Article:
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Curious City

Before we start our homework

Editor's note: This post asked how we may best focus Dabney Lyles' question. To those who helped by leaving comments below, on our Facebook page, or via Twitter: Thanks so much! Your efforts really paid off. Susie An and Logan Jaffe's finished the investigation

Recall that Dabney Lyles, a DePaul graduate student living in downtown Chicago, asked a question that won a Curious City voting round:

What effect do Chicago’s colleges and universities have on the local economy?

After a quick convo, Dabney and I decided to get some help from our fellow Curious Citizens. (That would be, um, you.) After all, there are dozens of colleges and universities in the area, and there are just as many angles to explore. So before we sharpen the pencils and start our homework, we’d like clarification on the assignment.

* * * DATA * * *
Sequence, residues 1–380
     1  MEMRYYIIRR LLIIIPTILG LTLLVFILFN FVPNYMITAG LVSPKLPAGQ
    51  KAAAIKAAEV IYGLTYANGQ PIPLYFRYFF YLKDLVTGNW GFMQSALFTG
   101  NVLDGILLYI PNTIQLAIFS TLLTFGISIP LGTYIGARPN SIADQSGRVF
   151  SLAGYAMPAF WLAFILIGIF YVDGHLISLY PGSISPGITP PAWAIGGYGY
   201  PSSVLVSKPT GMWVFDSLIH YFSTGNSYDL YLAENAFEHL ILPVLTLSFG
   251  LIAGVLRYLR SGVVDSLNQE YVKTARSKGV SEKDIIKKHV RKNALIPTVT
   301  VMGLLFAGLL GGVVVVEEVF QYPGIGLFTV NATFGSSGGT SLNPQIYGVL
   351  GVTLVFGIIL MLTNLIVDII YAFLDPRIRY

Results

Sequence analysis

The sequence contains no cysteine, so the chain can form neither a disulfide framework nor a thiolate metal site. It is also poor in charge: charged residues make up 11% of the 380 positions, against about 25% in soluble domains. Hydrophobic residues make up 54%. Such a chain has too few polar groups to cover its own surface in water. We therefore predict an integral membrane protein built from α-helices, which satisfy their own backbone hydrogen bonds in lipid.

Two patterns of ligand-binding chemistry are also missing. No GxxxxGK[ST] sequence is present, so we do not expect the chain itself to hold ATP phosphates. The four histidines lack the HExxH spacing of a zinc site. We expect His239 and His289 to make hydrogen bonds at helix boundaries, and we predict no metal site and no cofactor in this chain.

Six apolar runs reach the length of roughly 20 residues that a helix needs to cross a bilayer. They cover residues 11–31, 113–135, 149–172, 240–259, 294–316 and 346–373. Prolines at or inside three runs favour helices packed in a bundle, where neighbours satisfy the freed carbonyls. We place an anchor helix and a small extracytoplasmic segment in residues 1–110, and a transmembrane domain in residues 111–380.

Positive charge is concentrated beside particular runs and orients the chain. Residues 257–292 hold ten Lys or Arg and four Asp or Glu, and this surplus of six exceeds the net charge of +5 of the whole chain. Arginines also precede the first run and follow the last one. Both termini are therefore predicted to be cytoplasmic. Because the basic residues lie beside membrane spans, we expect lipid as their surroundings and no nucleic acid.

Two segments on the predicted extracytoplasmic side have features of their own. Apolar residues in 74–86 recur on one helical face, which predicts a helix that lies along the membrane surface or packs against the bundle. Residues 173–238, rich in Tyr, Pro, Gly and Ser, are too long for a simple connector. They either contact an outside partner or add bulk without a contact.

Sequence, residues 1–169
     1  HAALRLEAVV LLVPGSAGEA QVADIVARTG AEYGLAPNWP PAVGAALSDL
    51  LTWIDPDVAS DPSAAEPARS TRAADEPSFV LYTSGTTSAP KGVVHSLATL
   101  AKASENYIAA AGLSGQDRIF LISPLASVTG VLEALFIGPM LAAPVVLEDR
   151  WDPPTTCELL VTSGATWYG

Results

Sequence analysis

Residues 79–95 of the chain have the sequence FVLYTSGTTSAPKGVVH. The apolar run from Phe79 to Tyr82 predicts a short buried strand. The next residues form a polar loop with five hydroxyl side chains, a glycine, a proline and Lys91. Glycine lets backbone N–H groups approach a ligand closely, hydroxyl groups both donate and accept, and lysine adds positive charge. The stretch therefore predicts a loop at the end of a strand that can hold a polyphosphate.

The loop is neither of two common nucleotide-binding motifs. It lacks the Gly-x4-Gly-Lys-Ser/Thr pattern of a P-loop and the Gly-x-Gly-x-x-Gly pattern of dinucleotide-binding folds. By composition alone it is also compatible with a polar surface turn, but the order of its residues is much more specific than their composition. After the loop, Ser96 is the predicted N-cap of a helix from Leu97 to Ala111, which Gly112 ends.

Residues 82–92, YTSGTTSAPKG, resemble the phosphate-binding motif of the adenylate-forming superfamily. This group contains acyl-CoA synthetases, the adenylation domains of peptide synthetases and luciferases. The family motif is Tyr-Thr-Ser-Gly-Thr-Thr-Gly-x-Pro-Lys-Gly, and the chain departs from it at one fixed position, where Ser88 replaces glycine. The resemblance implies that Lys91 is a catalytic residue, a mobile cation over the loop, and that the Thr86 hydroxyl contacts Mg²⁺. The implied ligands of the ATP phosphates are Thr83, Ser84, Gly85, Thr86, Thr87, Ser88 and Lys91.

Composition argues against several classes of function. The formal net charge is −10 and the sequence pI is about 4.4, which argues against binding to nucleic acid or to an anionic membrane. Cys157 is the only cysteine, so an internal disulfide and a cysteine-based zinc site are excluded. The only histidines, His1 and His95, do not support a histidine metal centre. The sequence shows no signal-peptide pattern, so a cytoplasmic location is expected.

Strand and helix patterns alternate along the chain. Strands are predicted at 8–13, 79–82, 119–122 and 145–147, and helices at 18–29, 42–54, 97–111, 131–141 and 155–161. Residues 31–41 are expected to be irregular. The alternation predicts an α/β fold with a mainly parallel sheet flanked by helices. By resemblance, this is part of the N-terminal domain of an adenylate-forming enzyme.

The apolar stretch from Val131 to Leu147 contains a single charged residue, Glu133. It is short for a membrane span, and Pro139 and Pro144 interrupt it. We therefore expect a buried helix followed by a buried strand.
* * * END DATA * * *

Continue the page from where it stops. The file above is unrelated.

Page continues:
First, just a little background from Dabney. What got her interested in the first place was a trip to Salvador, Brazil, where she studied the city’s technology cluster. She noticed that universities played a major role in research, but they also provided students to be recruited for internships and jobs. Salvador’s economic initiative seemed focused on bolstering young talent for the local workforce. Dabney wondered how that plays out in her own city of Chicago.

And I had some experience to kick in, too. I went to the University of Illinois Urbana-Champaign where few students would remain in town after graduation and where some businesses would limit their hours when school was out. In other words, it was a real campus town. Chicago has so many schools but they’re secondary to the city itself. I wouldn’t mind looking into how money is married between a stand-alone city economy and its many colleges.

So, here’s the short list of angles for you to comment on:

  • How much do businesses cater to the many students in the area?
  • Do municipal or local investments in university projects pay off?
  • Just where does all that tuition money go?
  • How might a university benefit or hinder the economic growth of its neighborhood?

Any suggestion or lead, though, would be great, as the Curious City crew has plenty of grade anxiety! Drop your suggestion in the comments below, or hit Curious City on Twitter  or Facebook.

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